The bloated defense budget easily goes by, but Congress argues over safety net programs


Joe Biden once said, “Don’t tell me what you value, show me your budget and I’ll tell you what you value.” Over the past week, Congress has shown depressingly that the President was up to something.

Assuming the defense budget doesn’t go down, that would mean nearly $ 8 trillion for the Pentagon over 10 years.

Although the Democrats are entangled over a $ 3.5 trillion 10-year reconciliation package – and Republicans are unanimous against it – the House of Representatives passed a package of 768 goodies on Sept. 23 without resentment or controversy Billions of dollars for the Pentagon.

Assuming the defense budget does not go down (and it rarely does), that would mean nearly $ 8 trillion for the Pentagon over 10 years. That would be more than double the cost of Biden’s “Build Back Better” agenda, which was billed as the historic expansion of America’s social safety net.

Even in 2021, while Congress is considering historic progressive laws, Washington values ​​defense dollars – for wars America should not and probably will not wage – above the needs of the American people.

This is a bipartisan problem. The House of Representatives Defense Bill, which contains nearly $ 25 billion more than Biden originally proposed for the Pentagon, was backed by 181 Democrats. And an amendment by Rep. Mark Pocan, D-Wisc. To cut the Department of Defense budget by 10 percent lost by a margin of 86-332.

Weeks after America humiliatingly ended its 20-year war in Afghanistan – at a cost of more than $ 2.3 trillion – both parties don’t seem to be getting more money into the Pentagon’s coffers fast enough.

How that money is spent – and on what defense systems – should be a scandal in itself.

For example, the House Bill would approve the purchase of 85 F-35 fighter jets, an aircraft so plagued by cost overruns and operational problems that the current chairman of the House Armed Service Committee, Rep. Adam Smith, D-Wash., it’s called a “rat hole”. The aircraft is estimated to cost more than $ 1.5 trillion during its lifespan and was previously labeled a “procurement error” by the Pentagon official responsible for acquiring weapons systems.

The House bill would also allow the Air Force to purchase 24 F-15 EX jets, twice as many as required by the Pentagon, an institution not exactly known for its frugality when asking Congress for money.

William Hartung, director of the Weapons and Security Program Center for International Politics, points to another multi-billion dollar boondoggle in the House of Representatives bill: “A new ballistic ICBM, known in the Pentagon as Ground-Based Strategic Deterrence (GBSD).” ICBMs are particularly dangerous because, as Hartung notes, “the president would only have a few minutes to get them into crisis, increasing the risk of accidental nuclear war due to a false alarm.” The Biden administration increased the budget for the weapons system by 1.4 billion $ 2.6 billion, and the GBSD is estimated to cost at least $ 264 billion over its lifetime.

Is preparing for war with China more important than the $ 200 billion that would be invested in creating a universal preschool program?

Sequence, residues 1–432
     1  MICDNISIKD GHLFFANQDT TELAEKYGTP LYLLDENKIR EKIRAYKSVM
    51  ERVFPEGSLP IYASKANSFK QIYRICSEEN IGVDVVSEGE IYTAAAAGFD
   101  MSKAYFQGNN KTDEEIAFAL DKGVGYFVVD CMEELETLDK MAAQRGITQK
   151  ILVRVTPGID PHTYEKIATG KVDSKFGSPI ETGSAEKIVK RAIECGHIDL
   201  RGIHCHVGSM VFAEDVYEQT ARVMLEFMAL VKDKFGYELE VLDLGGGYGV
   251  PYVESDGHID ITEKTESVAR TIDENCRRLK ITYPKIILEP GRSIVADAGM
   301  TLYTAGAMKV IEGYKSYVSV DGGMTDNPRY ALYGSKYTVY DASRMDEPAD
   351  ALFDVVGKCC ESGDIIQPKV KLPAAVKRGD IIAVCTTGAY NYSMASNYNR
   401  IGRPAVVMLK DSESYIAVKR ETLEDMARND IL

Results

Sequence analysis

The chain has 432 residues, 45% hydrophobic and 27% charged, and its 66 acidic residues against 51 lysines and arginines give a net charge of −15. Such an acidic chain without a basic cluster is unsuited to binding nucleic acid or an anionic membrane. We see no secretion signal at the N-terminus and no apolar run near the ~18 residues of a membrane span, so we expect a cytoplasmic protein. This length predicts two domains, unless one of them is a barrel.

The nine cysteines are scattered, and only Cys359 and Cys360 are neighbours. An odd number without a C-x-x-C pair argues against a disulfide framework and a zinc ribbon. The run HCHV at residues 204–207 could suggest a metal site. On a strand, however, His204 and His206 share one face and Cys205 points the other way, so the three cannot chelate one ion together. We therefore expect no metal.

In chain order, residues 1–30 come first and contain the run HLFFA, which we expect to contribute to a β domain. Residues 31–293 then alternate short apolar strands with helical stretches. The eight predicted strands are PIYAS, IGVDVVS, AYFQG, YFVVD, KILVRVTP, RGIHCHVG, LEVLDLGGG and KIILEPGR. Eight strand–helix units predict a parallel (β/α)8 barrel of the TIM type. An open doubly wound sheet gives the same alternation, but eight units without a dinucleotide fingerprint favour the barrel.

All of these expenses seem to be worth it, says Rep. Mike Rogers of Alabama, the senior Republican on the Armed Service Committee, because the bill is “laser-focused on preparing our military to face conflict with China.”

Aside from the fact that the chances of US conflict with China are very unlikely, what does spending $ 768 billion to prevent a slim possibility say about America’s priorities as a nation?

Is preparing for war with China more important than the $ 200 billion that would be invested as part of the budget adjustment package to create a universal preschool program that will benefit more than 5 million American children and the average American family $ 13,000 a year would save?

Will building a new weapon that actually increases the likelihood of accidental atomic swaps be of greater national benefit than making the United States the last wealthy country on earth to introduce a national paid sick leave program?

How about two years of free community college? Or extend the child allowance? Or make sure that no low-income or middle-class American family spends more than 7 percent of their income on childcare? Or lower prescription drug prices and lower healthcare costs for ordinary Americans?

Above all, it is more important to face a nation that does not threaten the American people – or build a new generation of ground-based atomic bombs – of greater importance than preparing the United States for the aftermath of more deadly hurricanes, the heat waves and the utmost punishing weather events related to global warming?

If you asked Americans what they prefer, there probably wouldn’t be much debate. A new survey by the Eurasia Group Foundation this week shows that “twice as many Americans want to cut defense budgets than they want to increase”. The main reason Americans hold this view is because they want the money to be redirected to domestic priorities.

Twice as many Americans want to cut the defense budget as they want to increase it.

In short, they want the nation’s budget to reflect its values.

Eighteen months after a pandemic that killed 700,000 Americans – or 1 in 476 of our fellow citizens – one could imagine that the nation’s leaders are laser-sharp on strengthening the country’s defenses at home rather than remaining fixated on security threats Abroad that will probably never come. In fact, one might even conclude that our entire way of thinking about national security should change – to reflect the internal challenges that put Americans at risk and undermine our quality of life.

However, Washington seems intent on preparing for the wrong fight.

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